(Adds details about impending negotiation deadline)
By Nick Brown
NEW YORK, April 28 (Reuters) - Puerto Rico’s financial oversight board on Friday approved fiscal plans for four public agencies, including a liquidation of the island’s Government Development Bank, as the struggling U.S. territory stares down a potential bankruptcy filing next week.
The oversight board, appointed under the Puerto Rico rescue law known as PROMESA, certified a 10-year wind-down for the GDB, which served as the island’s fiscal agent until defaulting on debt last year.
The board approved turnaround plans for water authority PRASA, highway authority HTA and power utility PREPA, but conditioned approval on tweaks aimed at making the agencies more efficient.
The plan approvals effectively give the board the option to push the agencies into bankruptcy in the near term, as such plans are a prerequisite to file a so-called Title III proceeding under PROMESA, an in-court debt restructuring process akin to U.S. bankruptcy.
Puerto Rico faces a deadline on Monday to restructure its $70 billion debt load or open itself up to lawsuits from creditors. Title III is seen as a way for the island to avoid those lawsuits and impose deep repayment cuts on bondholders.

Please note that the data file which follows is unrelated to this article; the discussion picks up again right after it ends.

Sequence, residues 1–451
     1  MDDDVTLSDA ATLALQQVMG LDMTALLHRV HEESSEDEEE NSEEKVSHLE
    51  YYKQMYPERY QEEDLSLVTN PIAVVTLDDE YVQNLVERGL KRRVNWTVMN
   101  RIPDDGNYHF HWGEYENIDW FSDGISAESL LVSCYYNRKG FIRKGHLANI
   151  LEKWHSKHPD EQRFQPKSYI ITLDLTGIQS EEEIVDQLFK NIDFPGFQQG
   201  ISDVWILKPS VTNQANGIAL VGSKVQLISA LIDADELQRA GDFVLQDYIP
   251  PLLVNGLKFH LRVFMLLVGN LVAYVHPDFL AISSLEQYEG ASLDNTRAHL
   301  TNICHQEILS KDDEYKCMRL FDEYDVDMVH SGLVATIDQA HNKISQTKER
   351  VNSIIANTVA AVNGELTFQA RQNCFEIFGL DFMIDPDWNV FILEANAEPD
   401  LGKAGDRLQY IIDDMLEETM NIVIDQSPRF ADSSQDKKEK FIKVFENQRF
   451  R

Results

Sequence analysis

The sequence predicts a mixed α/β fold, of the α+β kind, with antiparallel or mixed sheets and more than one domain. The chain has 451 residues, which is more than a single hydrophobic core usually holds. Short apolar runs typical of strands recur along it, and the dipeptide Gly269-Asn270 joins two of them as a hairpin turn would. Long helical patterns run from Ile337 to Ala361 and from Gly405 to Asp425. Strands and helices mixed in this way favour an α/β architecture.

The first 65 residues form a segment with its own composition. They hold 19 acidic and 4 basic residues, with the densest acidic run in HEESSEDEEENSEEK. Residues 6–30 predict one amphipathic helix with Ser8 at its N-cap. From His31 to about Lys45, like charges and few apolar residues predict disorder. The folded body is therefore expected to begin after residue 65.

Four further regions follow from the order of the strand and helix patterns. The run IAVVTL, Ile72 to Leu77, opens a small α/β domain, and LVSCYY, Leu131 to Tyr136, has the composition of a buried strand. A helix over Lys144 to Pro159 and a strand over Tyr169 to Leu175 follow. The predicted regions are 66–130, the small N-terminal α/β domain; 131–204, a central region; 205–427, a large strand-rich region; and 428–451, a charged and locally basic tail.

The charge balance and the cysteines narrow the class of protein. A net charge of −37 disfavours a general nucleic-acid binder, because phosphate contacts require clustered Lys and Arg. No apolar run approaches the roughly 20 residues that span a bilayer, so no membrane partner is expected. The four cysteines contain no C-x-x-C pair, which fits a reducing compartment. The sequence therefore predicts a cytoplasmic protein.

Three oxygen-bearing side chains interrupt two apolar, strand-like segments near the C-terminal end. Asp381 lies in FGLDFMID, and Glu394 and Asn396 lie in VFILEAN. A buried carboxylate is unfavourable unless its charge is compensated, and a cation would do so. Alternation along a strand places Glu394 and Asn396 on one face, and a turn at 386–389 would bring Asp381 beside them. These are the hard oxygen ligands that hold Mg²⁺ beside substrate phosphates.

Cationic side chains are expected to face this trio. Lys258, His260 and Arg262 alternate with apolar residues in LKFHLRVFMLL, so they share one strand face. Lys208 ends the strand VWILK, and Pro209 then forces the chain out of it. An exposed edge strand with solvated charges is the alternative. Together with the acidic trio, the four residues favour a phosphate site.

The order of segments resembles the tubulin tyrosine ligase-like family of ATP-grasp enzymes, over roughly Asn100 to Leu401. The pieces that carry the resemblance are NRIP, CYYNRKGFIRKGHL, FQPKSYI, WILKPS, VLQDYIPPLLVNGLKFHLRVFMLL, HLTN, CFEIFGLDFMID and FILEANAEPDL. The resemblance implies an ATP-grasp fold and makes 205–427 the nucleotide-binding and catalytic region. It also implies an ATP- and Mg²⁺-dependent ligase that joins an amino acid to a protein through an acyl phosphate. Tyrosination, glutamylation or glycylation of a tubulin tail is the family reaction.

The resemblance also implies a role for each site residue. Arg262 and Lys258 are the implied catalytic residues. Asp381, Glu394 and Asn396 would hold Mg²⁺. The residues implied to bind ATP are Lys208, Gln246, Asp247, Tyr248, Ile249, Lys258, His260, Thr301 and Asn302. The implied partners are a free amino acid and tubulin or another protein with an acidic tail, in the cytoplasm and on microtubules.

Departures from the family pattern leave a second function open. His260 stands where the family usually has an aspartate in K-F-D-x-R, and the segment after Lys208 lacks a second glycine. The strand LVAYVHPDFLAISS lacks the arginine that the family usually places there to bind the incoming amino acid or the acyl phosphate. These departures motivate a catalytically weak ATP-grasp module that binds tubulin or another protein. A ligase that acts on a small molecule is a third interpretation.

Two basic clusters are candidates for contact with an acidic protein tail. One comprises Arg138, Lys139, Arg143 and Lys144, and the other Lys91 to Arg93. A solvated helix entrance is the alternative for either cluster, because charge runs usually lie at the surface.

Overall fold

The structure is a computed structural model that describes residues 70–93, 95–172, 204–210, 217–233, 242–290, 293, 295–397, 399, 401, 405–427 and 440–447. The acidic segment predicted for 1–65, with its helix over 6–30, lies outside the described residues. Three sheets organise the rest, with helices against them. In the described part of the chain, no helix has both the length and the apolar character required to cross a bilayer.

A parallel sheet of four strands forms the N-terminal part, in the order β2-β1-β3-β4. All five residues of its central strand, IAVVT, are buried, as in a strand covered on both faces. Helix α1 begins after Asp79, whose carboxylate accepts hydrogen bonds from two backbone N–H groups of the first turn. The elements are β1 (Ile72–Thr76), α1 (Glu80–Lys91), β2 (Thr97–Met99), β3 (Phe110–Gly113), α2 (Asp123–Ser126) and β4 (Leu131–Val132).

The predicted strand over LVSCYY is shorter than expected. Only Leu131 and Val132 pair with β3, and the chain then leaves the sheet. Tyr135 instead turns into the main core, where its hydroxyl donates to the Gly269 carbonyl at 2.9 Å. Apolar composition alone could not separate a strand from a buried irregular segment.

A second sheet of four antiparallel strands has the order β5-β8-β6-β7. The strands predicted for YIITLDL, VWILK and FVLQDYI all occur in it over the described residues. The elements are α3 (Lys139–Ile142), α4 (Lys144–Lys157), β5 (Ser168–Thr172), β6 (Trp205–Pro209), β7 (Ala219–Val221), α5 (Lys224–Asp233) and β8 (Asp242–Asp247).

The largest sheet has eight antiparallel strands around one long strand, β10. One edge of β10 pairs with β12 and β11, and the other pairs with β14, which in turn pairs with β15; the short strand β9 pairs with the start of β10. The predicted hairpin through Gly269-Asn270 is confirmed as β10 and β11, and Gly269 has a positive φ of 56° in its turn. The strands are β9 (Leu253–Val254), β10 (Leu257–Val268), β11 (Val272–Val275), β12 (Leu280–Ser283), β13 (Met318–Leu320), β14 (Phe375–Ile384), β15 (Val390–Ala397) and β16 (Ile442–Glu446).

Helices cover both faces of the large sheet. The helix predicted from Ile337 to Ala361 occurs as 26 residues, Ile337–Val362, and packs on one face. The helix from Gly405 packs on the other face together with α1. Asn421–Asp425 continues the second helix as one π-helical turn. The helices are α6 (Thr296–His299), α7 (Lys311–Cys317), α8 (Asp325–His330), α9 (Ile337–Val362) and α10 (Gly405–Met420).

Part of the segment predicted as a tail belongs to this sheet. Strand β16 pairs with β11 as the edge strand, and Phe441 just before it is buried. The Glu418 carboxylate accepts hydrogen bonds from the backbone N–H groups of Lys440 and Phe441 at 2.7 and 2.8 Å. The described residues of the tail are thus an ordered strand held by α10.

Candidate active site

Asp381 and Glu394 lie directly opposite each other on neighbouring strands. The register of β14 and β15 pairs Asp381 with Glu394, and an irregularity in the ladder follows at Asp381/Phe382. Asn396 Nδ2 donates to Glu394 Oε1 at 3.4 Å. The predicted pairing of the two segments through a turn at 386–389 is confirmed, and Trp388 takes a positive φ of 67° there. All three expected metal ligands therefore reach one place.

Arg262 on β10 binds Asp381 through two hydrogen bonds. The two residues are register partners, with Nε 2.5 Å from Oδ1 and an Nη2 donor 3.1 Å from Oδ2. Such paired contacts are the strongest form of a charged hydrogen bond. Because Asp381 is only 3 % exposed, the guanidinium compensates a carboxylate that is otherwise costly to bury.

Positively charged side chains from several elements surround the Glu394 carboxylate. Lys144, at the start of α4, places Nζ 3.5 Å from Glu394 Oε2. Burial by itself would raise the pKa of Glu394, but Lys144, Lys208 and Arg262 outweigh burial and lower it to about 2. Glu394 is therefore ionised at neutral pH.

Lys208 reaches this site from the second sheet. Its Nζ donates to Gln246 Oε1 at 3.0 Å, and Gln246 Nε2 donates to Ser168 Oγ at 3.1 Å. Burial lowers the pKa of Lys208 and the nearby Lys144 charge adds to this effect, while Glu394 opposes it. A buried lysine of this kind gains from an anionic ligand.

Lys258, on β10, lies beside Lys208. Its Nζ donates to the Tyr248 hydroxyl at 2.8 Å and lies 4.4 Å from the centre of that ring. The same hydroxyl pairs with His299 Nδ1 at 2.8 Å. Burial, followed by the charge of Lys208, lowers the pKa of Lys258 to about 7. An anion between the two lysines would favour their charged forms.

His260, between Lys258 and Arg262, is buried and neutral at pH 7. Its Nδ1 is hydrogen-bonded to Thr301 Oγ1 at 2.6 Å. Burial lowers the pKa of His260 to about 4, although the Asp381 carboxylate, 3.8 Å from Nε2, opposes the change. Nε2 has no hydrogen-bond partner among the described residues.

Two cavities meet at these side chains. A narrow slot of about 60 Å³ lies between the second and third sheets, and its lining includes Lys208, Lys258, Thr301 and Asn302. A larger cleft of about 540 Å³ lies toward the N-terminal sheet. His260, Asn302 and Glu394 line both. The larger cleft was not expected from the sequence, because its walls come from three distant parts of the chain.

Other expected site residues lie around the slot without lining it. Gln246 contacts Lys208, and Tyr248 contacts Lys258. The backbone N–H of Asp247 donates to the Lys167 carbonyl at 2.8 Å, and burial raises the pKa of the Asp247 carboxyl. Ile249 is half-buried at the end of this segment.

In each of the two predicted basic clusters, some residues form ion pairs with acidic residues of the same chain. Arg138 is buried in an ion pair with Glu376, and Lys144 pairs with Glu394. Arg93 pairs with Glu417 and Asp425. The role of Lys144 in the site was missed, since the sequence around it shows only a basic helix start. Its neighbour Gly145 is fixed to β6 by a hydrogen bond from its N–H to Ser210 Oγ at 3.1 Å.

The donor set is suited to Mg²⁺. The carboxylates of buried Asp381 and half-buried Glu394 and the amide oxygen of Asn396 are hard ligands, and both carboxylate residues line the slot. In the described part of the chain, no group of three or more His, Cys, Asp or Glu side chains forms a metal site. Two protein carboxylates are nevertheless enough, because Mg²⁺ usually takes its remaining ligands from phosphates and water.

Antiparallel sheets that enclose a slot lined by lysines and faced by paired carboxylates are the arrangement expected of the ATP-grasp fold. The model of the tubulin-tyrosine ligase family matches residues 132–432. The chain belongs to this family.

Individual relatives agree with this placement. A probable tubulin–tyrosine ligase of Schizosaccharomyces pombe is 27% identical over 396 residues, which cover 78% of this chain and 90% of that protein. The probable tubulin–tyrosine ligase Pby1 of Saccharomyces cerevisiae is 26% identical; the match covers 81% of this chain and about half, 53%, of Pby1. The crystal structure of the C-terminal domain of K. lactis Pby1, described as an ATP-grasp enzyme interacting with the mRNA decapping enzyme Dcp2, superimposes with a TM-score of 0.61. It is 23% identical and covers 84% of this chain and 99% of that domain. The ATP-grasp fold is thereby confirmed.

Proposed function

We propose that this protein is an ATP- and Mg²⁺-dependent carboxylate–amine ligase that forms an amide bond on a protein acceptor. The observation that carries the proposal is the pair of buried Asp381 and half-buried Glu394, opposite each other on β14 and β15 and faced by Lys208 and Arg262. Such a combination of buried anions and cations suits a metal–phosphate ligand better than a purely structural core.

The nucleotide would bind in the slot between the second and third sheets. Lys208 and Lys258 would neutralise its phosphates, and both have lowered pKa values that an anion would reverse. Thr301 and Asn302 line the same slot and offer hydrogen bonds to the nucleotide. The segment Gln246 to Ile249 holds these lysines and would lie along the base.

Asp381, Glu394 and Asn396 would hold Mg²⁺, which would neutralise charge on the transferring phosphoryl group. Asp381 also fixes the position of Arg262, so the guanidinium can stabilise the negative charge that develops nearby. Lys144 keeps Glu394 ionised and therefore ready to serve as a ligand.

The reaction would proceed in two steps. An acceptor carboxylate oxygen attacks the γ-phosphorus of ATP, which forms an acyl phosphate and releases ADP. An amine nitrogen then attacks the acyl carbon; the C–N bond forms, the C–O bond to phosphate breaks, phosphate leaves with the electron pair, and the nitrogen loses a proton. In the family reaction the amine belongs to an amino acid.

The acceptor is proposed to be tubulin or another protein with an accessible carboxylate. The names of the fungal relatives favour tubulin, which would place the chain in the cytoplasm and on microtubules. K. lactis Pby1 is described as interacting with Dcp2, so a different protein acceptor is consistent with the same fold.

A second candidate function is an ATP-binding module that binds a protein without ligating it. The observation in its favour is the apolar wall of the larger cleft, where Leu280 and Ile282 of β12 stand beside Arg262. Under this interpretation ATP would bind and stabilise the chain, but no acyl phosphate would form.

Bankruptcy is not a foregone conclusion. The island’s government is urging creditors to agree to extend talks past Monday, and even if that effort fails, the political backlash of a bankruptcy may deter the board from filing.
Whether and when to trigger a Title III bankruptcy, either for Puerto Rico itself or specific agencies, is the board’s decision. Chairman Jose Carrion, however, told reporters after Friday’s meeting the board was “fully aligning, and we hope to be aligned, with the government.”
Carrion would not elaborate on the board’s leanings regarding Title III.
Puerto Rico is trying to escape a crisis marked by a 45 percent poverty rate, unemployment more than twice the U.S. average and near-insolvent healthcare and pension systems, in addition to its debt.
Board member David Skeel said it was “with sadness” that the GDB be wound down, but that he believed it was “the most effective way to disentangle GDB from the rest of the economy.”
Puerto Rico’s former governor declared a state of emergency at the bank in April 2016. GDB defaulted on $422 million of debt the following month.
PREPA, which last month reached a tentative deal with its creditors to restructure $8.9 billion in debt, was told by the board to tweak its fiscal plan to achieve customer rates no higher than 21 cents per kilowatt hour by 2023.
Board member Carlos Garcia told reporters the board was approving “an overall framework” for PREPA which includes the debt deal. It was unclear if the board had formally approved the restructuring.
The contentious deal, nearly three years in the making, would cut repayments to PREPA bondholders by 15 percent, in exchange for new bonds secured by a charge on customer bills.
Water authority PRASA, whose plan will seek to reduce a 10-year funding gap of $3.5 billion, was ordered to raise rates, while highway authority HTA must alter its blueprint to address its fiscal sustainability asset by asset.
HTA must also come up with better solutions for losses at its mass transit system, the board said. (Reporting by Nick Brown; Editing by Meredith Mazzilli)